Posted on January 13, 2009 by

I Inherited a House – Do I have to Refinance the Mortgage?

No – in most cases.  Mortgages generally contain "Due on Sale" clauses, which say that the lender can call the mortgage due upon transfer of property.  However, federal law (12 USC § 1701j-3(d)) provides a number of exceptions (emphasis added):
(d) Exemption of specified transfers or dispositions

With respect to a real property loan secured by a lien on residential real
property containing less than five dwelling units
, including a lien on the
stock allocated to a dwelling unit in a cooperative housing corporation, or
on a residential manufactured home, a lender may not exercise its option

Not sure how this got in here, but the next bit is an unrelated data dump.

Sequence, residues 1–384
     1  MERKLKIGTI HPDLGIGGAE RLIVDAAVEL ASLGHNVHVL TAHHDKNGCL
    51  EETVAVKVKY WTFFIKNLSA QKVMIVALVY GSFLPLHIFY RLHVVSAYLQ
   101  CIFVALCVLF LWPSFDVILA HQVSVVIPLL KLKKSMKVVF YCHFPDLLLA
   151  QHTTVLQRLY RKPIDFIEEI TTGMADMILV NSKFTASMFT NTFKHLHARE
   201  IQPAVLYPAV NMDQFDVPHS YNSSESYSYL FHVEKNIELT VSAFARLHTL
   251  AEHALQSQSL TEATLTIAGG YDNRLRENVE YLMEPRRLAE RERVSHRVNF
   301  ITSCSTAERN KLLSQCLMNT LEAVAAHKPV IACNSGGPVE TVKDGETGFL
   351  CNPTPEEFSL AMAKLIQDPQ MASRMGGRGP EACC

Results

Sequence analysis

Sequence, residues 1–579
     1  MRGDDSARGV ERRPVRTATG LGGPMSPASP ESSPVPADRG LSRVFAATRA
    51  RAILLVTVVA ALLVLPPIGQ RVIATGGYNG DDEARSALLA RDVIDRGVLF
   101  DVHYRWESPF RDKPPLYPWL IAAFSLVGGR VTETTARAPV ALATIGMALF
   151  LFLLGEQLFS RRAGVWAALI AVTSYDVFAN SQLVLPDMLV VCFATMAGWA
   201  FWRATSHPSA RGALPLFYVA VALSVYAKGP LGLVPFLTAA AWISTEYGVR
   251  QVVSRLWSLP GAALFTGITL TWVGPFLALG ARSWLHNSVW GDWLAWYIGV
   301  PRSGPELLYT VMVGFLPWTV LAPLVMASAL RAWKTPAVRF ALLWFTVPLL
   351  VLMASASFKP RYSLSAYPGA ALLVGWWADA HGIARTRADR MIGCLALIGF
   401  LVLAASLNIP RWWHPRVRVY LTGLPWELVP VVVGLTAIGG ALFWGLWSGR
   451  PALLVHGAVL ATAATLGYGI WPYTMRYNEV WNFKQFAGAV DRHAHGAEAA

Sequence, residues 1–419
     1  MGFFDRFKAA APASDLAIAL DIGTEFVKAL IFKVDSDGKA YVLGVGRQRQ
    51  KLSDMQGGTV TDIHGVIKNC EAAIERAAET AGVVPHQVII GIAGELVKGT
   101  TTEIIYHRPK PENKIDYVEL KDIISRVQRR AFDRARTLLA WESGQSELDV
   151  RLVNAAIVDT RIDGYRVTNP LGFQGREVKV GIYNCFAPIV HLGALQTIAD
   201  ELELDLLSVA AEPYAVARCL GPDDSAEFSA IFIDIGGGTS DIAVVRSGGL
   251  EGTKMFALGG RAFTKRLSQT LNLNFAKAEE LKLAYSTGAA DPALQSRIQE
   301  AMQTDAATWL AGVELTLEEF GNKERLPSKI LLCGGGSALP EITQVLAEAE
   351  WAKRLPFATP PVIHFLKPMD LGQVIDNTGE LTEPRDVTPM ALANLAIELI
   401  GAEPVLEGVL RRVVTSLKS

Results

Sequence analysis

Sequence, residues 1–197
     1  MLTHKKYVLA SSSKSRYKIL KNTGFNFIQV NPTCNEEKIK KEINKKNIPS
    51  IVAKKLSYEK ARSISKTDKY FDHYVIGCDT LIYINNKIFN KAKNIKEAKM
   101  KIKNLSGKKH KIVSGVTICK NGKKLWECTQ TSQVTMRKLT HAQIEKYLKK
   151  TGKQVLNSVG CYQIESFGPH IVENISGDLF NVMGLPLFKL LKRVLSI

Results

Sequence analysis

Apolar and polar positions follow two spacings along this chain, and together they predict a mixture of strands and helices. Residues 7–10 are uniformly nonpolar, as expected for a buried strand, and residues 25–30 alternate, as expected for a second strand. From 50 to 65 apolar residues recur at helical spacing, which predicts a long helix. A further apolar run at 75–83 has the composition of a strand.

pursuant to a due-on-sale clause upon

(1) the creation of a lien or other encumbrance subordinate to the lender’s
security instrument which does not relate to a transfer of rights of
occupancy in the property;

(2) the creation of a purchase money security interest for household

(3) a transfer by devise, descent, or operation of law on the death of a
joint tenant or tenant by the entirety;

(4) the granting of a leasehold interest of three years or less not
containing an option to purchase;

(5) a transfer to a relative resulting from the death of a borrower;

(6) a transfer where the spouse or children of the borrower become an owner
of the property;

(7) a transfer resulting from a decree of a dissolution of marriage, legal
separation agreement, or from an incidental property settlement agreement,
by which the spouse of the borrower becomes an owner of the property;

(8) a transfer into an inter vivos trust in which the borrower is and
remains a beneficiary and which does not relate to a transfer of rights of
occupancy in the property;

(9) any other transfer or disposition described in regulations prescribed by
the Federal Home Loan Bank Board.



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